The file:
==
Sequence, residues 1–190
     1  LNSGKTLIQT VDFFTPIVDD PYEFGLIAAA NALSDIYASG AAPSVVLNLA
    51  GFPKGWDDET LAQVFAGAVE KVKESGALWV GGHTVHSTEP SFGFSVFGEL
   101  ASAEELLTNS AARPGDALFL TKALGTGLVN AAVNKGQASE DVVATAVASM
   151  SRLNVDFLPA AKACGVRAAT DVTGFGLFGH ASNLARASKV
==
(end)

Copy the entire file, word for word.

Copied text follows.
Sequence, residues 1–190
     1  LNSGKTLIQT VDFFTPIVDD PYEFGLIAAA NALSDIYASG AAPSVVLNLA
    51  GFPKGWDDET LAQVFAGAVE KVKESGALWV GGHTVHSTEP SFGFSVFGEL
   101  ASAEELLTNS AARPGDALFL TKALGTGLVN AAVNKGQASE DVVATAVASM
   151  SRLNVDFLPA AKACGVRAAT DVTGFGLFGH ASNLARASKV